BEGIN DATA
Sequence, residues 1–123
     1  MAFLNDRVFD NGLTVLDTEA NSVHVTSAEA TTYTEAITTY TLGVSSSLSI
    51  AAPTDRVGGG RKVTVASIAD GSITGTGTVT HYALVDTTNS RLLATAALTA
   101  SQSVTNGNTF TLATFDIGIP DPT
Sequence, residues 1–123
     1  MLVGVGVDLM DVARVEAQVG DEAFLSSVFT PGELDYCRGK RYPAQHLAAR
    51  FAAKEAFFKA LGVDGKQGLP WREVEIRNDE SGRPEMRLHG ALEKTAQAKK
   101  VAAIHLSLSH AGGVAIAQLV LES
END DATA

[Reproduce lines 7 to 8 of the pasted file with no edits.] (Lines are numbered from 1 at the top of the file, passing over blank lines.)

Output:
    51  FAAKEAFFKA LGVDGKQGLP WREVEIRNDE SGRPEMRLHG ALEKTAQAKK
   101  VAAIHLSLSH AGGVAIAQLV LES